What do we think of and value in nature? How about in culture? How do museums handle this crossover, and what can they do better in the current environmental climate? Lana talked a bit about her work on these issues in her lightning talk. Through her involvement with groups such as the U of T chapter of Regenesis on campus, and in communicating with City Councillor Kristyn Wong-Tam, Lana highlighted a direction moving forward (she also established a new column, Museums on Earth, to address the issues right here on Musings!). 

Affective Metadata in Art Museum Information Systems
Erin Canning

Erin's workshop, based on her thesis work, was an excellent participatory way to learn about affect in art museums! Photo courtesy of Serena Ypelaar.
As someone who participated in Erin's thesis research at the Art Gallery of Ontario (AGO) back in November, I was excited to learn more about the process of how she classified her information to measure and analyze affect. The emotions and reactions we had to certain works of art (as provided by Erin) demonstrated the affective experience. We got to work through our emotional reactions using words and grouping them to create a coding system, just as Erin did for her thesis.

A Window to the Past: The Material Culture of Bookplates
Selin Kahramanoglu

Selin shows us bookplates from the Fisher's collection and how to interpret them to learn about their owners. Photo courtesy of Amy Intrator.
Selin's poster talk dealt with the Thomas Fisher Rare Book Library's collection of bookplates, which individuals put in the inside of their personal books. Using examples from prominent Toronto society members such as Vincent Massey, Lady Eaton, and J.E.H. MacDonald, Selin walked us through the defining characteristics of bookplates and how we can interpret their features to make meaning.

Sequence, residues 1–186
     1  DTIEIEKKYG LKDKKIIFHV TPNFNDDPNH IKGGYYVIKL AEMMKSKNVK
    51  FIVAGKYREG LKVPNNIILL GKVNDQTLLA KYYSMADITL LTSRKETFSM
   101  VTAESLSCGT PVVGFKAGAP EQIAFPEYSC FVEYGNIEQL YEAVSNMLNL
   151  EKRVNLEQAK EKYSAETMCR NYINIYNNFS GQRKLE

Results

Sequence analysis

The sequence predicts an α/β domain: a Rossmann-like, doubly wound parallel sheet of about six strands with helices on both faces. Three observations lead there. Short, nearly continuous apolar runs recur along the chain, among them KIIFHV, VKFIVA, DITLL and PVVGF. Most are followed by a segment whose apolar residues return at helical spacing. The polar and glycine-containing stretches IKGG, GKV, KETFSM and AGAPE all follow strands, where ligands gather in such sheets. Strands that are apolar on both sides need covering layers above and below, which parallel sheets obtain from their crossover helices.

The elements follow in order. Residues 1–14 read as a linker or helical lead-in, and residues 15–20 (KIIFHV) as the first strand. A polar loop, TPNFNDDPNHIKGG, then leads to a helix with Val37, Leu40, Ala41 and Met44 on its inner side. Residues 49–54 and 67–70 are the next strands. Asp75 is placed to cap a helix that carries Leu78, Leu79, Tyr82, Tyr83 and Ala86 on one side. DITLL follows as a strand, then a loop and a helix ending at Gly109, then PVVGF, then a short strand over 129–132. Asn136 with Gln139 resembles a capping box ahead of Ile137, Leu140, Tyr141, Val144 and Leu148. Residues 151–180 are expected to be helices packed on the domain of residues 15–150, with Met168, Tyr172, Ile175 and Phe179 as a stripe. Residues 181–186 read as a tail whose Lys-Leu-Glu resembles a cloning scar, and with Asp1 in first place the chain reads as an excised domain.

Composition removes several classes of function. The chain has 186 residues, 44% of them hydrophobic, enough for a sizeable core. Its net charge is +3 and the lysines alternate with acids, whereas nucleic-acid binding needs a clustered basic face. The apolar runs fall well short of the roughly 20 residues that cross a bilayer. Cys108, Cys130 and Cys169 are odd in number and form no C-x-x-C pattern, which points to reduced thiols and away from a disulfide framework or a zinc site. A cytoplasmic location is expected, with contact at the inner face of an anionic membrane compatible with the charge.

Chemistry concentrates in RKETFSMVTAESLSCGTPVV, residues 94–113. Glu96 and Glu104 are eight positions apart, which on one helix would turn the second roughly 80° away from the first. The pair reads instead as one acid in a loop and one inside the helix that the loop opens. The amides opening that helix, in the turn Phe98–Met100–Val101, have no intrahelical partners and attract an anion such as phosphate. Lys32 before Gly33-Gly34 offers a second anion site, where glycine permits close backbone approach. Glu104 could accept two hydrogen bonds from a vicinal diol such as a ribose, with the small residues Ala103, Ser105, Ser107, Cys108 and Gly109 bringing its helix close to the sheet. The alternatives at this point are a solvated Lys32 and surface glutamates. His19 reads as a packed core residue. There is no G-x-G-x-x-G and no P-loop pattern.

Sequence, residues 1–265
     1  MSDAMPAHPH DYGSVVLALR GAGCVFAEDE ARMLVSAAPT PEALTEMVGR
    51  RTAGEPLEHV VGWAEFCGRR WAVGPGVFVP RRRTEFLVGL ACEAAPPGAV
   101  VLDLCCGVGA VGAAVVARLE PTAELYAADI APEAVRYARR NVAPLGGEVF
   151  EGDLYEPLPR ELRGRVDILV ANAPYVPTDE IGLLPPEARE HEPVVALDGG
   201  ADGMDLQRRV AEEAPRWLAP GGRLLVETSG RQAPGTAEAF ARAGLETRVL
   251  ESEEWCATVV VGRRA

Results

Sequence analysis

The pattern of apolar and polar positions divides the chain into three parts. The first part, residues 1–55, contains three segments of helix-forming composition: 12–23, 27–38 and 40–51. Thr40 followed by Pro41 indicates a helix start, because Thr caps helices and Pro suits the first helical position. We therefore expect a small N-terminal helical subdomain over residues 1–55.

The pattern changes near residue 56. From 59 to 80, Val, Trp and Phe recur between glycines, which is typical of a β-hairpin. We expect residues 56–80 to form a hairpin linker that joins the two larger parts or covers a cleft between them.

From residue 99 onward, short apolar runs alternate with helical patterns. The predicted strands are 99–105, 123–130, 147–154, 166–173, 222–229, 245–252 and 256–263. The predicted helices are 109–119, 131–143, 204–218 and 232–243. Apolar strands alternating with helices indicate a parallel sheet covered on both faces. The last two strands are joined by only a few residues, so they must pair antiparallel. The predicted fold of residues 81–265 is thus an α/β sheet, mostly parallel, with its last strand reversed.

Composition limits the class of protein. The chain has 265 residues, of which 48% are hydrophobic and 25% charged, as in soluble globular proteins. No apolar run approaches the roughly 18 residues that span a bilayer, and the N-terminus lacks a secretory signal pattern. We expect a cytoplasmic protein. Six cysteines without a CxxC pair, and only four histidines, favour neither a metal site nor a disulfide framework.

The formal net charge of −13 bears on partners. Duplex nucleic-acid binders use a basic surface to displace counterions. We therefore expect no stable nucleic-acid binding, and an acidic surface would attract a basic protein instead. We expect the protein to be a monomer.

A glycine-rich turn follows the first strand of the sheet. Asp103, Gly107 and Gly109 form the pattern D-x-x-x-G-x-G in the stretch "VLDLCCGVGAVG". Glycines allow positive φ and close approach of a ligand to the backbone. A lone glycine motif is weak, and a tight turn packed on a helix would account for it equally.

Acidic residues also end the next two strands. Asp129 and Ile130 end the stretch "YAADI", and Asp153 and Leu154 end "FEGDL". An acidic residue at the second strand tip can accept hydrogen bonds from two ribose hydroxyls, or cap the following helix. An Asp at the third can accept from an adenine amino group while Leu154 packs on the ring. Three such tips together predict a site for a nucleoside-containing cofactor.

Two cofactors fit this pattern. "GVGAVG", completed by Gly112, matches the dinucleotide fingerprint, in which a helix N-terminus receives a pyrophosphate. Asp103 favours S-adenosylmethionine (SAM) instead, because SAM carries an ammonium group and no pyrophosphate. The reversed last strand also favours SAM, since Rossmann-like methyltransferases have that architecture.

Musings on Media: Relevance through Digital Dialogue
Serena Ypelaar, Amy Intrator, Sadie MacDonald, Emily Welsh, Kathleen Lew

Our stacked panel discussing Musings' relevance on a digital platform and our work connecting to museums and individuals in the field! Photo courtesy of Kathleen Vahey.
The penultimate panel was delivered by yours truly, alongside a handful of our excellent Musings columnists! This year's team has been extraordinary in engaging audiences, and I'm so proud of how Amy, Sadie, Emily, and Kathleen exemplified their hard work. We talked about how we are broadening our readership as well as addressing key issues through four lenses: current events, difficult legacies, commemoration, and social media. In encouraging dialogue we've hoped to keep ourselves relevant as a blog, even in the face of a rapidly evolving digital landscape. 

Cataloguing Miss Chief: Bringing the Museum into the Studio

Sadie MacDonald

Sadie talks about being open-minded toward unexpected career pathways and how with a bit of resourcefulness, you can make your own opportunities. Photo courtesy of Serena Ypelaar.
Finally, in the last panel of the day, Sadie's lightning talk outlined her work for artist Kent Monkman at his studio. In cataloguing his works, Sadie has applied her museum skills outside the conventional framework one would expect of a museum career. She highlighted the importance of being open-minded and taking opportunities regardless of whether they are your "dream job"- sometimes the best experiences come from taking a bit of a detour off your set career path!

We're so proud of our fellow students for being brave enough to stand up in front of a crowd and talk about their work! I highly recommend trying to get involved with the iSchool Conference in some way next year; the community is very supportive and it's a memorable way to learn from our fellow master's students. The information was definitely in the air all weekend. 


  1. Well done, Serena and cohorts.
    A pleasure to read all your gatherings of information in your monthly musings. Congratulations and best wishes as you all continue your journey. SAY (nee Meads)

  2. Thanks for picking out the time to discuss this, I feel great about it and love studying more on this topic. It is extremely helpful for me. Thanks for such a valuable help again. Best Air Hockey Tables in 2018